Natural Success of Our Wet Noses and Four Paws

Devices Go Nose to Nose With Bomb-Sniffer Dogs

At a binational armaments and security research center here in eastern France, Dr. Spitzer and his colleagues are working on a sensor to detect vapors of TNT and other explosives in very faint amounts, as might emanate from a bomb being smuggled through airport security. Using microscopic slivers of silicon covered with forests of even smaller tubes of titanium oxide, they aim to create a device that could supplement, perhaps even supplant, the best mobile bomb detector in the business: the sniffer dog.
But emulating the nose and brain of a trained dog is a formidable task. A bomb-sniffing device must be extremely sensitive, able to develop a signal from a relative handful of molecules. And it must be highly selective, able to distinguish an explosive from the “noise” of other compounds.
While researchers like Dr. Spitzer are making progress — and there are some vapor detectors on the market — when it comes to sensitivity and selectivity, dogs still reign supreme.
“Dogs are awesome,” said Aimee Rose, a product sales director at the sensor manufacturer Flir Systems, which markets a line of explosives detectors called Fido. “They have by far the most developed ability to detect concealed threats,” she said.
But dogs get distracted, cannot work around the clock and require expensive training and handling, Dr. Rose said, so there is a need for instruments.
Flir’s state-of-the-art detectors, including hand-held models that weigh just a few pounds, are used in the military and elsewhere and are generally considered on par with dogs for detecting TNT at extremely low concentrations, a few parts per quadrillion. Even so, Dr. Rose said, “We see our technology as complementary” to dogs.
The devices use a fluorescent polymer technology developed by Timothy M. Swager, a chemist at M.I.T. under whom Dr. Rose studied. Thin films of the polymers emit visible light when exposed to ultraviolet rays, but molecules of TNT stop the fluorescence. A single TNT molecule can quench many thousands of fluorescence reactions, greatly increasing sensitivity.
Dr. Spitzer’s approach is far different, and also far from being commercialized. The slivers of silicon, called microcantilevers, are fixed at one end and made to vibrate, like a diving board. As molecules of explosives are captured by the cantilever, the added mass alters the rate of vibration, which can be measured by a laser or other means.
Microcantilevers are already used in many sensing applications, but for explosives the cantilevers alone are not sensitive enough. Growing hollow cylinders of titanium oxide, called nanotubes, increases the surface area, allowing more molecules to be captured.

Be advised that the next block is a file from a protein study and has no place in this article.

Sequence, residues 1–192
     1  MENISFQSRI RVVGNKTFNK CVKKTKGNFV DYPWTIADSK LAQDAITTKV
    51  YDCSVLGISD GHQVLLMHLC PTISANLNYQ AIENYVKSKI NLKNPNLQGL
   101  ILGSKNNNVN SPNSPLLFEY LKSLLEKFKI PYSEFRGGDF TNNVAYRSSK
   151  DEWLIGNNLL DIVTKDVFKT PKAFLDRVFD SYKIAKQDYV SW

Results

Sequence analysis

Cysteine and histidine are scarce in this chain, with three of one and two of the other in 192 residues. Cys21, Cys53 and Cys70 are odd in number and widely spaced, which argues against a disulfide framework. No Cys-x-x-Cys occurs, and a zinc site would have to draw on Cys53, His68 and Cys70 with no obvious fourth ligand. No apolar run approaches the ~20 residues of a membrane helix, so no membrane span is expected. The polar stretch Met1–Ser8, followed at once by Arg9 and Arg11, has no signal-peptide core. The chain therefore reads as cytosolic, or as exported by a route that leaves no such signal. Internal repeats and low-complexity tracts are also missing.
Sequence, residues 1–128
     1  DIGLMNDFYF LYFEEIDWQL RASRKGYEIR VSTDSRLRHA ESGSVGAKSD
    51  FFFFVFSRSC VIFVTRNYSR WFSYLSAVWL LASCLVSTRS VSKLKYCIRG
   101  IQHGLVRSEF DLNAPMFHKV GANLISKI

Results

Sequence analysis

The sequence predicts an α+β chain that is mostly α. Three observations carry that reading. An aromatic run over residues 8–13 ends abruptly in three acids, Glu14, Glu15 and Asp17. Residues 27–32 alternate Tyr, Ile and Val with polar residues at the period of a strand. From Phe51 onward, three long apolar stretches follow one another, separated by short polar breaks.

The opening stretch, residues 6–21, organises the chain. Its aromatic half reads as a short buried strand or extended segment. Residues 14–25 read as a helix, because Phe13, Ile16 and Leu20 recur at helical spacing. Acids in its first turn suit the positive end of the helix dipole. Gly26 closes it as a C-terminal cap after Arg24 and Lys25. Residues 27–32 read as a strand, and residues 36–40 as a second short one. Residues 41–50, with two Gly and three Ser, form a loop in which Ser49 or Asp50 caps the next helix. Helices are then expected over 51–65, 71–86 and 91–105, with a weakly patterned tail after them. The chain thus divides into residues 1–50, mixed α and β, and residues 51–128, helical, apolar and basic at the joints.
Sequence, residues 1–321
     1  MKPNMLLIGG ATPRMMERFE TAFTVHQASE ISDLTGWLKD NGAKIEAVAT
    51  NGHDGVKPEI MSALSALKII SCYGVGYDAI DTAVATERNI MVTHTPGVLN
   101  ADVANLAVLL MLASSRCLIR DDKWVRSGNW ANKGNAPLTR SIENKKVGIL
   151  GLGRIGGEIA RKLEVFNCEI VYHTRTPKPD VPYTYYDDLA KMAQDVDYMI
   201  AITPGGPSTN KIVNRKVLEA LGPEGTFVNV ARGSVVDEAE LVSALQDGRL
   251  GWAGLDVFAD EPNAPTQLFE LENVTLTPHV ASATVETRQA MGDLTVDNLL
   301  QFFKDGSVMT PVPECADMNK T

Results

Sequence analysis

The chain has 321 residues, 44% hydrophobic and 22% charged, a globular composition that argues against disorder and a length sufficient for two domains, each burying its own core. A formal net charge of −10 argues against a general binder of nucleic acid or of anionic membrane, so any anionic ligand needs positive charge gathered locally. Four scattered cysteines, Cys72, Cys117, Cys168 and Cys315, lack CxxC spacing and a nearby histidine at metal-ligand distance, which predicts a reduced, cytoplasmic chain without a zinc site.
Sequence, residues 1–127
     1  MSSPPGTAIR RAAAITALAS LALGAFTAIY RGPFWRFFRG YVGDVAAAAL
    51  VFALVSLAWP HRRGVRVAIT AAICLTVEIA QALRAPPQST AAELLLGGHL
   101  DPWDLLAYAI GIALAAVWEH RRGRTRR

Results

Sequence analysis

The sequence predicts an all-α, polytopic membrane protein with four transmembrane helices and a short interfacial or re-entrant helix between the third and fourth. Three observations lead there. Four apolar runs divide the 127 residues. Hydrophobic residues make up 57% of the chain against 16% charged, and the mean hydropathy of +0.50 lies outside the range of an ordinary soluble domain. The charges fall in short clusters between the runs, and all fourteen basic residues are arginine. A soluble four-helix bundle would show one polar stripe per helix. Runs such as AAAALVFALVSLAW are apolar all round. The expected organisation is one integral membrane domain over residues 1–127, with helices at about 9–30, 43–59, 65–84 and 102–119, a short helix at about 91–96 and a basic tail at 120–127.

Sensitivity is critical because many explosives compounds, including powerful ones like RDX and PETN, are not very volatile — at normal temperatures, very few molecules vaporize. As a result, bomb detection — which became a priority in aviation after a hidden device destroyed a Pan Am jetliner over Lockerbie, Scotland, in 1988, killing 270 people — has focused more on finding explosive particles on surfaces than on detecting molecules in the air.
David Atkinson, chief scientist for explosives detection research at the Pacific Northwest National Laboratory in Richland, Wash., said, “We’ve had a particle-based detection paradigm for the past two decades.” Even today, when a laptop or other object is deemed suspicious after being X-rayed, an agent wipes the surface and puts the wipe in a spectrometer that ionizes any explosive compounds present, allowing them to be quickly identified.
“The key is you’ve got to get that particle,” Dr. Atkinson said. “The whole ability to detect explosives is whether the operator correctly samples.”
Researchers always knew it would be difficult to make an instrument that was as good as or better than a sniffer dog. Paul Waggoner, senior scientist at the Canine Detection Research Institute at Auburn University, said that over the years “the instrument guys” have come to appreciate dogs even more.
“We really are not going to ever be able to surpass the dog in terms of its general ability as a mobile sensing platform,” Dr. Waggoner said.
While the basic mechanisms of olfaction are known, no one knows precisely why dogs are so good at it. Dogs have roughly 30 times as many olfactory cells as people, and the brain region devoted to smell is proportionally much larger — but size doesn’t fully explain it. “The black box that is a dog that we don’t really understand makes a lot of scientists uneasy,” Dr. Waggoner said.
But researchers like Dr. Atkinson have plowed ahead. His team is looking at using the same kind of equipment already in use at airports, but analyzing air rather than particles collected on wipes. The trick, he said, is to increase the efficiency of the equipment so that even a small number of explosives molecules in the air will produce enough ions for detection and identification.

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